Increased consumption of vegetables, fruits and berries was associated with a delayed risk of all-cause mortality and of mortality
European Journal of Nutrition dergisinde ağustos da çıkan makaleye göre,
-10.000 Norveçli erkek de, 1968- 2008 arasında verileri toplanarak yapılmış.
– Ayda 27 kez, aşağı yukarı her gün meyve, sebze tüketenlerde, tüm nedenlere bağlı ölüm de %8-10 azalma saptanmış
-Aynı zamanda stroke (felç) oranında %20 azalma saptanmış
-Ek olarak meyve sebze tüketimin artmasıyla ters orantılı olarak kansere bağlı ölümlere, %6, %16, %21 olarak azalmış.
Sonuç: Obesite ve güzel bir dış görünüş için önerilen diyet programlarına mutlaka bu gözle bakmalıyız, dengeli ve sağlıklı beslenmenin önemli bir ayağını oluşturan sebze ve meyve tüketimini ihmal etmemeliyiz.
Kaynak: Eur J Nutr, Agust
Source: Eur J Nutr | Posted 4 days ago
Consumption of berries, fruits and vegetables and mortality among 10,000 Norwegian men followed for four decades; Hjartåker A, Knudsen M, Tretli S, Weiderpass E; European Journal of Nutrition (Aug 2014)
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PURPOSE The association between vegetable and fruit consumption and risk of cancer and cardiovascular disease (CVD) has been investigated by several studies, whereas fewer studies have examined consumption of vegetables and fruits in relation to all-cause mortality. Studies on berries, a rich source of antioxidants, are rare. The purpose of the current study was to examine the association between intake of vegetables, fruits and berries (together and separately) and the risk of all-cause mortality and cause-specific mortality due to cancer and CVD and subtypes of these, in a cohort with very long follow-up.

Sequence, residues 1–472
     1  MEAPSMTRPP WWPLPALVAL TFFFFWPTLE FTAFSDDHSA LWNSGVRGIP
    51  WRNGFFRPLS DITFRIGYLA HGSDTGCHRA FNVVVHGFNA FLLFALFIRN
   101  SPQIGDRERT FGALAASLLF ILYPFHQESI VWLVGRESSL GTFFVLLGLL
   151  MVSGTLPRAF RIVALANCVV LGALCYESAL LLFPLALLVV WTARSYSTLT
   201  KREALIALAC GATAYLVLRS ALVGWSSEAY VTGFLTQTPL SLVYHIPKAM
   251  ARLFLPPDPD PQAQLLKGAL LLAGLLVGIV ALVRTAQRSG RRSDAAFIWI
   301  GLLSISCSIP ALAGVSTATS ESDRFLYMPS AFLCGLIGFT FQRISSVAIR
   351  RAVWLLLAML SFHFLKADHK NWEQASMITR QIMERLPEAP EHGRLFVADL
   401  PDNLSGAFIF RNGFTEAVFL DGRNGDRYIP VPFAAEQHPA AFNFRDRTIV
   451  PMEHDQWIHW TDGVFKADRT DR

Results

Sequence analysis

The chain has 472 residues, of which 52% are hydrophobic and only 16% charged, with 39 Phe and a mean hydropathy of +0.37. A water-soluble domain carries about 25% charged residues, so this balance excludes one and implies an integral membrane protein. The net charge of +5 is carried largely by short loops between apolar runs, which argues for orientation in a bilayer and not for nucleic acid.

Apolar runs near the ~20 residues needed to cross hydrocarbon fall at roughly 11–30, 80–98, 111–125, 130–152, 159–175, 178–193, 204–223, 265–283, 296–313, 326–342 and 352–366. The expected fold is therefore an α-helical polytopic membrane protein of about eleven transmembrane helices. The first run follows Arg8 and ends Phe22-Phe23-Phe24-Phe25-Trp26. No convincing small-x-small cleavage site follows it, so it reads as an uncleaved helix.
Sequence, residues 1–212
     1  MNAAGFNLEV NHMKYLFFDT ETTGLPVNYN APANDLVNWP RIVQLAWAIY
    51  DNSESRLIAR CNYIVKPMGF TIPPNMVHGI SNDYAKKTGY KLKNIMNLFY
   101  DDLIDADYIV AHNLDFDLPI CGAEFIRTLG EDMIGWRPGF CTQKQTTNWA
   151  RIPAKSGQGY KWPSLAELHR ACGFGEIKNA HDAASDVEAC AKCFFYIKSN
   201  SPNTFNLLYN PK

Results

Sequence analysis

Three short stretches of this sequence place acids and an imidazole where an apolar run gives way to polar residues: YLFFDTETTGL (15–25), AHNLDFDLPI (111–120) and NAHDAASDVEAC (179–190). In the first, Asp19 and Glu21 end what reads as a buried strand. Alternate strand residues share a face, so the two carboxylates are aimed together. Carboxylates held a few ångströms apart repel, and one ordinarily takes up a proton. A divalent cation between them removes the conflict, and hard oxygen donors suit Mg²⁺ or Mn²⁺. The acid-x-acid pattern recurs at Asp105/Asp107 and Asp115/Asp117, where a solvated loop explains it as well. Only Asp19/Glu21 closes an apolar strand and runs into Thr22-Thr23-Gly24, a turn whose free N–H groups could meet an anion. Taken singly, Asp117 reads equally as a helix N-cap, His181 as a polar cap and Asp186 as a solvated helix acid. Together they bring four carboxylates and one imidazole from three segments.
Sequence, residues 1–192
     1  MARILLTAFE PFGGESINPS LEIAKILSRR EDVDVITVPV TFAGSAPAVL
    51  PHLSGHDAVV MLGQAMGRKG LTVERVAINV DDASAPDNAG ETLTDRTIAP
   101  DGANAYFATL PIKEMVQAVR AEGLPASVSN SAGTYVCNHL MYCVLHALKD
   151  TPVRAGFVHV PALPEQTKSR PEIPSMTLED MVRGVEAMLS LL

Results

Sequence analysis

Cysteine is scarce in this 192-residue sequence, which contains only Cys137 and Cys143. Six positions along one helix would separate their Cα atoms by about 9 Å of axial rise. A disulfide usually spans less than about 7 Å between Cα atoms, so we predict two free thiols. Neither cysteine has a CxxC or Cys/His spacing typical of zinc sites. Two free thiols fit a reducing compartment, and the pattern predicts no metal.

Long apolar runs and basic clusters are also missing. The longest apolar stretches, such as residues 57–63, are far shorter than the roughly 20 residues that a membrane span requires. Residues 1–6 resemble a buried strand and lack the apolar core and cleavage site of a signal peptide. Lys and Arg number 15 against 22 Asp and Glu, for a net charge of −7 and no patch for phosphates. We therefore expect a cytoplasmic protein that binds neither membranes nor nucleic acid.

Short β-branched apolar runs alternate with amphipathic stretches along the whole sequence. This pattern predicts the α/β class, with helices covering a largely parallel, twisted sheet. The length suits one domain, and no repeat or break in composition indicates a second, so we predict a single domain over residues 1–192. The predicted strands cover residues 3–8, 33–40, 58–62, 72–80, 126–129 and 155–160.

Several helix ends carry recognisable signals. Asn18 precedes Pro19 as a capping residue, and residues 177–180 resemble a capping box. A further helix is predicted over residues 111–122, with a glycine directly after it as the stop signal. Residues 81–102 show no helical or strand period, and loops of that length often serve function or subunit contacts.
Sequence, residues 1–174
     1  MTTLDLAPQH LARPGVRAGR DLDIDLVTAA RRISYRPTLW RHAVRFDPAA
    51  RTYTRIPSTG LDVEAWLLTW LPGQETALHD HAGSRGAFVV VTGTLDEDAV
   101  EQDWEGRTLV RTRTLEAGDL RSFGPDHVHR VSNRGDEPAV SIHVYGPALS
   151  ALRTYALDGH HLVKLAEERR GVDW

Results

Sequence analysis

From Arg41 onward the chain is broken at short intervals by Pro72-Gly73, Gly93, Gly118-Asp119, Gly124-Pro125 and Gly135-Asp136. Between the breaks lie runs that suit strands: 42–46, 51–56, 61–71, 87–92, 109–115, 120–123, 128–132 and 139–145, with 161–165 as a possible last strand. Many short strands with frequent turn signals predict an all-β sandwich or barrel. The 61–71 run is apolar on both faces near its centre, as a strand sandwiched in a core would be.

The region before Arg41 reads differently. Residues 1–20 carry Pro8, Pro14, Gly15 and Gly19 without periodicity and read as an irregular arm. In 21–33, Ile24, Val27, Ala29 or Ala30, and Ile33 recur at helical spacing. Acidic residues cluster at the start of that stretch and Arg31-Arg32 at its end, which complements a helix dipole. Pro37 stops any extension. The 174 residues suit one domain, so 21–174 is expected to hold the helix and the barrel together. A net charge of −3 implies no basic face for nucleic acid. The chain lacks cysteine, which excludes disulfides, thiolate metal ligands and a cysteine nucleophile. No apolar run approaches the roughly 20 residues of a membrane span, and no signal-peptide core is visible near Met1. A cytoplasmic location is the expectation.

METHODS We used data from a population-based prospective Norwegian cohort study of 10,000 men followed from 1968 through 2008. Information on vegetable, fruit and berry consumption was available from a food frequency questionnaire. Association between these and all-cause mortality, cause-specific mortality due to cancers and CVDs were investigated using Cox proportional hazard regression models.
RESULTS Men who in total consumed vegetables, fruit and berries more than 27 times per month had an 8-10 % reduced risk of all-cause mortality compared with men with a lower consumption. They also had a 20 % reduced risk of stroke mortality. Consumption of fruit was inversely related to overall cancer mortality, with hazard rate ratios of 0.94, 0.84 and 0.79 in the second, third and firth quartile, respectively, compared with the first quartile.
CONCLUSION Increased consumption of vegetables, fruits and berries was associated with a delayed risk of all-cause mortality and of mortality due to cancer and stroke.